Bill Clinton Saved His Presidency. Here’s How Biden Can, Too

The new bipartisan infrastructure law is a first step, but only a broader course correction to the center will give Democrats a fighting chance.

Swing voters in two blue-leaning states just sent a resounding wake-up call to the Biden administration: If Democrats remain on their current course and keep coddling and catering to progressives, they could lose as many as 50 seats and control of the House in the 2022 midterm elections. There is a way forward now for President Biden and the Democratic Party: Friday’s passage of the bipartisan physical infrastructure bill is a first step, but only a broader course correction to the center will give Democrats a fighting chance in 2022 and a shot at holding on to the presidency in 2024.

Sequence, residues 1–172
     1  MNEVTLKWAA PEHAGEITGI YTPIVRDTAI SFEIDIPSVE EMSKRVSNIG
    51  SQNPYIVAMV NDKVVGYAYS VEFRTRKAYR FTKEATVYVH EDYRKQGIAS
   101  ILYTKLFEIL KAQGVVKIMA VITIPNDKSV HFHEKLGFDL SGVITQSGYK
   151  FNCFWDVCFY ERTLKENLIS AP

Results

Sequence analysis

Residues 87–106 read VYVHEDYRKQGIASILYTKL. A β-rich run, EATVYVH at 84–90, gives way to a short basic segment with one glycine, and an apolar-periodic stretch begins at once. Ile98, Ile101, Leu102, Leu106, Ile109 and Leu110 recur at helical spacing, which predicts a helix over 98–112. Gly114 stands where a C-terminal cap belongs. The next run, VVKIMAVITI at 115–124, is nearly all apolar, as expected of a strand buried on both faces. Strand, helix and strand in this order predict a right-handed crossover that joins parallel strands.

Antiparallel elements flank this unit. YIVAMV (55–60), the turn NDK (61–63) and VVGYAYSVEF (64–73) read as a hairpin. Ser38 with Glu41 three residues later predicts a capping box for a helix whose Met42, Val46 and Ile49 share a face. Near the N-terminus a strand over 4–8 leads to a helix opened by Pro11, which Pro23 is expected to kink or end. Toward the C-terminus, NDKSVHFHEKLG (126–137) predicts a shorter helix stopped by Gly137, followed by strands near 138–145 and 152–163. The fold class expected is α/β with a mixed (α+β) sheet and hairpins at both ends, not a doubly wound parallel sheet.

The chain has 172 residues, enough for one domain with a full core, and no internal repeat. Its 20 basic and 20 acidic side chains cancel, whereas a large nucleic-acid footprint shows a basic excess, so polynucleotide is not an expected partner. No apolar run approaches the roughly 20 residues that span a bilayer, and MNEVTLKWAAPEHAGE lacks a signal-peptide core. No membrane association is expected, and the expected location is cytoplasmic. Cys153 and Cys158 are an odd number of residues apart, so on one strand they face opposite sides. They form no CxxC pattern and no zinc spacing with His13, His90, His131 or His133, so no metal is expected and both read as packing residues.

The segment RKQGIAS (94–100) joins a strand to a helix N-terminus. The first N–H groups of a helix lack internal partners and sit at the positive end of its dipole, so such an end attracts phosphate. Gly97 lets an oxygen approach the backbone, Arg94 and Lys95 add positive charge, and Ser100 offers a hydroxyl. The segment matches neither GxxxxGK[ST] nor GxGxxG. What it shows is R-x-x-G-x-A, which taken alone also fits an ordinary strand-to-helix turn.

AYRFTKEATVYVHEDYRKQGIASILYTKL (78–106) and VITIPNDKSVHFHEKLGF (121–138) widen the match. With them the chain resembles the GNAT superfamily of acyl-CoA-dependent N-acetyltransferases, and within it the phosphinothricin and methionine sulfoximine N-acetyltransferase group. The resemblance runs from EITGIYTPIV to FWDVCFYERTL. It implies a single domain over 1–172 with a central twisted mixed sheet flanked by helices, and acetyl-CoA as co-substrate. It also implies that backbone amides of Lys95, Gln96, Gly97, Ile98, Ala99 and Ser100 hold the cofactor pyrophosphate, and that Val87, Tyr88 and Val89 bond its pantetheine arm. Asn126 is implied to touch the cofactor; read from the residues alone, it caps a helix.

The history of the 2020 election is undisputed: Joe Biden was nominated for president because he was the moderate alternative to Bernie Sanders and then elected president as the antidote to the division engendered by Donald J. Trump. He got off to a good start, especially meeting the early challenge of Covid-19 vaccine distribution. But polling on key issues show that voters have been turning against the Biden administration, and rejecting its embrace of parts of the Bernie Sanders/Alexandria Ocasio-Cortez playbook.

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